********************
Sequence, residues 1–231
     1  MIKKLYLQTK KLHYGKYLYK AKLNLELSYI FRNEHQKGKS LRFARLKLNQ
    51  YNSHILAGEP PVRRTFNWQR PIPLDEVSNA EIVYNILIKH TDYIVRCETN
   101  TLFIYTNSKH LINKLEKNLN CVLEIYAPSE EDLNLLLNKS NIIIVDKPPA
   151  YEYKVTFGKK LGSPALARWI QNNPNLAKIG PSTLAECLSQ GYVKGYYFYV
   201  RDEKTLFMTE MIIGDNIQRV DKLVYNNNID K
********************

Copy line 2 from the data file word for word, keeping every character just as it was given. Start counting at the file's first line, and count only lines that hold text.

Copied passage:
     1  MIKKLYLQTK KLHYGKYLYK AKLNLELSYI FRNEHQKGKS LRFARLKLNQ